I have done many successful jewelry and nature photos with a cheapy point and shoot camera, but it is simply easier to be able to accurately adjust the focus to emphasize the portion of the object that you want emphasized.The picture of my Nikon at the top of the article was taken with my cheapy camera. It took a couple of tries to get a picture this good, and I do NOT consider it to be great, but I only have one good camera, so…

The type of film that was being used in your camera used to be a serious issue. It still is if you are using a very high end SLR or Medium Format Camera, but for most of us, our cameras are now digital. In the old days, when we were using film, the ability of the film to record detail was determined by what was called the “grain size”. The actual physical size of the clusters of molecules on the film set the limitations of how much information the film could record.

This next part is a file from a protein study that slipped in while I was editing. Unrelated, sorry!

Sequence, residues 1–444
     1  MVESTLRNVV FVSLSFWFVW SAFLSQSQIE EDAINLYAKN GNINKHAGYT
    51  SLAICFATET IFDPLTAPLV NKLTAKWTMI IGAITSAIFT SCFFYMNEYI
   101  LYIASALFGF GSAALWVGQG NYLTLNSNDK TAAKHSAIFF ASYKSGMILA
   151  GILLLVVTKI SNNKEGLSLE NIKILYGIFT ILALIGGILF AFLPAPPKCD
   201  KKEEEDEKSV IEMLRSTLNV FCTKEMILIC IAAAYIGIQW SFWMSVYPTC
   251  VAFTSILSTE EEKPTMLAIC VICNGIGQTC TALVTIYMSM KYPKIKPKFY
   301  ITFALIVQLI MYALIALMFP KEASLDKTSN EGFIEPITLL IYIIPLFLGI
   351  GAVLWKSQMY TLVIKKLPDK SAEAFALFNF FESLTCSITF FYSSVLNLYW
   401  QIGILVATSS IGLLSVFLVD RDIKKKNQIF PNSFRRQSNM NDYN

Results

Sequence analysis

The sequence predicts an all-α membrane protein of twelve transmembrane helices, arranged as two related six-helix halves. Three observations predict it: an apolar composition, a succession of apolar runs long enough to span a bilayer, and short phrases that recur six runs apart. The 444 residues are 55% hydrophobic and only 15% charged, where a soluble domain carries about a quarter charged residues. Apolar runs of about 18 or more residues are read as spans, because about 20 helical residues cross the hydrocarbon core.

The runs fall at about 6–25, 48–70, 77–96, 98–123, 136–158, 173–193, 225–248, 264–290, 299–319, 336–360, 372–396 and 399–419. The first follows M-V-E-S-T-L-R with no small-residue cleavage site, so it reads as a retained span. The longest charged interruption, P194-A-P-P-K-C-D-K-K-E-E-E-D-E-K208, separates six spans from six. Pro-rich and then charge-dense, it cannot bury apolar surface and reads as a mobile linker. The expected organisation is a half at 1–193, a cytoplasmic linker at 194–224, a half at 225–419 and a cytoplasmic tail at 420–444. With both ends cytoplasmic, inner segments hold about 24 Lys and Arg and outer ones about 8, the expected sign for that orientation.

You may wonder how “fancy” a digital camera has to be in order to do good jewelry photographs. A 5 mega pixel camera is fine for up to an 8”x10” print or web work. You only need a camera with 5-8 mega pixels if you are doing pictures 11×17 and larger. Check the instructions that come with your camera. Even a lot of “point and shoot” cameras now have the ability to take different quality photos. The more information that your camera records, the more detail you will have in your photo.

Next time – Part 2 – How to illuminate your jewelry for the best pictures